Pulegone Levels in Mint, Menthol E-Cigarettes May Be Unsafe
Exposure levels higher than those found in combustible menthol cigarettes
TUESDAY, Sept. 17, 2019 (HealthDay News) -- Users of mint- and menthol-flavored electronic cigarettes and smokeless tobacco are exposed to pulegone levels higher than what the U.S. Food and Drug Administration considers acceptable for intake of synthetic pulegone in food, according to a research letter published online Sept. 16 in JAMA Internal Medicine.
Sairam V. Jabba, D.V.M., Ph.D., and Sven-Eric Jordt, Ph.D., both from the Duke University School of Medicine in Durham, North Carolina, assessed the risk associated with pulegone by calculating the margin of exposure (MOE). The authors divided the FDA's no observed adverse effect level of pulegone at which no treatment-related tumors were reported in animal studies (13.39 mg/kg of body weight/day) by the mean human exposure from mint- and menthol-flavored e-cigarette or smokeless tobacco products determined in U.S. Centers for Disease Control and Prevention studies.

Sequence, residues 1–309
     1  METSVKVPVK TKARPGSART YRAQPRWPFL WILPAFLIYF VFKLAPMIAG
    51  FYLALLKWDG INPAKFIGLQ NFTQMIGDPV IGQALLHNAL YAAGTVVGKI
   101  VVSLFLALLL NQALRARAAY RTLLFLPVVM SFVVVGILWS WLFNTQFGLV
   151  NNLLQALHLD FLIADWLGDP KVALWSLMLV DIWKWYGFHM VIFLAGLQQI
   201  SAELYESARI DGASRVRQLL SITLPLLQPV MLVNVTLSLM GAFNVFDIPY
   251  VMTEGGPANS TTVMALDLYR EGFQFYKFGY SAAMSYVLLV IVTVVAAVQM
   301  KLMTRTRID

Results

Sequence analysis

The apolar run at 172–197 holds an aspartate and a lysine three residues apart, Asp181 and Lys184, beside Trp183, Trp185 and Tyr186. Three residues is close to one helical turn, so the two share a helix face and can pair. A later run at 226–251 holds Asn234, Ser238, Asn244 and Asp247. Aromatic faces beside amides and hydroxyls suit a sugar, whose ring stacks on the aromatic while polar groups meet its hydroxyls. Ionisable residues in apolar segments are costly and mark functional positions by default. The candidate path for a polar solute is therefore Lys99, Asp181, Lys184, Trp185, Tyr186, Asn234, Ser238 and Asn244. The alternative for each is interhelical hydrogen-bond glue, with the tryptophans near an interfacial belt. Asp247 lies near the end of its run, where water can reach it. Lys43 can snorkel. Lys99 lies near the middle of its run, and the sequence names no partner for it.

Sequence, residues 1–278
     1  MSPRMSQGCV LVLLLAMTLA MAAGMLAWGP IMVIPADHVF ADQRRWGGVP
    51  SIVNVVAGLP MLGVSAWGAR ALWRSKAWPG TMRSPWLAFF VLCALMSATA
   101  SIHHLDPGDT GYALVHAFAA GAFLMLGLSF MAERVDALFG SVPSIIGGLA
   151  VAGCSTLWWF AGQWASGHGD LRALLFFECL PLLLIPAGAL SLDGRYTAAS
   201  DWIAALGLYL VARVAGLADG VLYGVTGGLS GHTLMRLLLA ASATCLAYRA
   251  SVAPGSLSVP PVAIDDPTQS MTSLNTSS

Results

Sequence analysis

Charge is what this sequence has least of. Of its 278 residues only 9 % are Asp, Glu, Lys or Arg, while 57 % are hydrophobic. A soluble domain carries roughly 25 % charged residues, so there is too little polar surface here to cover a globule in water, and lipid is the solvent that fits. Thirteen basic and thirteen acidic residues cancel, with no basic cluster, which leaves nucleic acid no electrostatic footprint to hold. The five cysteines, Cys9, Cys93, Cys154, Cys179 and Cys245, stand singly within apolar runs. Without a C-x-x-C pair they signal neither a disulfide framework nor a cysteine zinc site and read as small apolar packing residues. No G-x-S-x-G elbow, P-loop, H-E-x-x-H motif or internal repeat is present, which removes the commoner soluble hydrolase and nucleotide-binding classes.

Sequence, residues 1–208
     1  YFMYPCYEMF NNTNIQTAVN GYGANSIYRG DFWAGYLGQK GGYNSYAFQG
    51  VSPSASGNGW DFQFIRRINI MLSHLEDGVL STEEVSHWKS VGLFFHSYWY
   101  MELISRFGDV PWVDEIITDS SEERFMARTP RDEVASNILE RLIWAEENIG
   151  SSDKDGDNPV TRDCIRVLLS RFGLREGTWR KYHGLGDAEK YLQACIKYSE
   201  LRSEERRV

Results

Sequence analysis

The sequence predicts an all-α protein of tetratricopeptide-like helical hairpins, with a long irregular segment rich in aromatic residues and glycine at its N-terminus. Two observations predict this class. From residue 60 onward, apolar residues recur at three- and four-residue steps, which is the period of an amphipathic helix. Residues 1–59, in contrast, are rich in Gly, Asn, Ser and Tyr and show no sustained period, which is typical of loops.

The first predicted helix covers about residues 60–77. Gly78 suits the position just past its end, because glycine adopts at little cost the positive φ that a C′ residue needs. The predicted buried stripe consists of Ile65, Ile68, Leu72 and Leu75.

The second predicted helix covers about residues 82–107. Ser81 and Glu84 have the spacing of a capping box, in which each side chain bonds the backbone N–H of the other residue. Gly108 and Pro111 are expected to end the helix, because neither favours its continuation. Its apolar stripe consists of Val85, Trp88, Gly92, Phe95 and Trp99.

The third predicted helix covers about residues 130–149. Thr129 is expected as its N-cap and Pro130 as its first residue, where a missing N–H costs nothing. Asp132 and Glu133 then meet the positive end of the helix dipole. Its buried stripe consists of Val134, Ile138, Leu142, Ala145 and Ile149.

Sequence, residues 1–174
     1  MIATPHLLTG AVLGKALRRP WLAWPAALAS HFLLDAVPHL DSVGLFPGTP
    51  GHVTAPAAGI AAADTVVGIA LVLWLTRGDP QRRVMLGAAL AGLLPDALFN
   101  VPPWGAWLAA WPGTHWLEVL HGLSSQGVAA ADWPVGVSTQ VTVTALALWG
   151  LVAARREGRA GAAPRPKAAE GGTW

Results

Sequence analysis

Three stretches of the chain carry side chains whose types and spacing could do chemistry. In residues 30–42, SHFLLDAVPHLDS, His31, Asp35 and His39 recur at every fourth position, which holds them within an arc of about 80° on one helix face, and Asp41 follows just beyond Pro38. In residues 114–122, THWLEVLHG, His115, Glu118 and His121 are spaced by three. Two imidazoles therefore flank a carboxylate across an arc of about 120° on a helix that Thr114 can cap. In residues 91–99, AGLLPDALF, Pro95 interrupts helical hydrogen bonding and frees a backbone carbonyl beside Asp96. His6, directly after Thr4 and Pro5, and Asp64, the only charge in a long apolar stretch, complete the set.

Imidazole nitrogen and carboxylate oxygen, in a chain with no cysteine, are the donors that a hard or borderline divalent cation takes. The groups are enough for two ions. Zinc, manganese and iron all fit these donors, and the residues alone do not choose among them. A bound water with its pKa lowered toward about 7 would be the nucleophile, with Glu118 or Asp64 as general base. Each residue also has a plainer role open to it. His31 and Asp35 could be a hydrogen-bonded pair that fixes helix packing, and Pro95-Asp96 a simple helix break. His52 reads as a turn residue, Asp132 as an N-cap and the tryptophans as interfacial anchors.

The researchers found that for the e-liquid with the highest pulegone concentration, MOEs were between 1,298 and 3,084 for 5-mL daily consumption and between 325 and 771 for 20-mL daily consumption, which is below the safety threshold of 10,000. MOEs for the e-liquids ranged from 325 to 6,012, while for a pulegone-containing smokeless tobacco, they ranged from 549 to 1,646. Compared with menthol cigarette use (estimated to contain 0.037 to 0.290 µg/g of pulegone), daily pulegone exposure from e-cigarettes was higher across all user groups (ranging from 44 to 1,608 times higher). Compared with menthol cigarettes, estimated pulegone intake from smokeless tobacco was 168 to 1,319 times higher in light users and 126 to 990 times higher in heavy users.
"Our findings appear to establish health risks associated with pulegone intake and concerns that the FDA should address before suggesting mint- and menthol-flavored e-cigarettes and smokeless tobacco products as alternatives for people who use combustible tobacco products," the authors write.
One author disclosed financial ties to the pharmaceutical industry.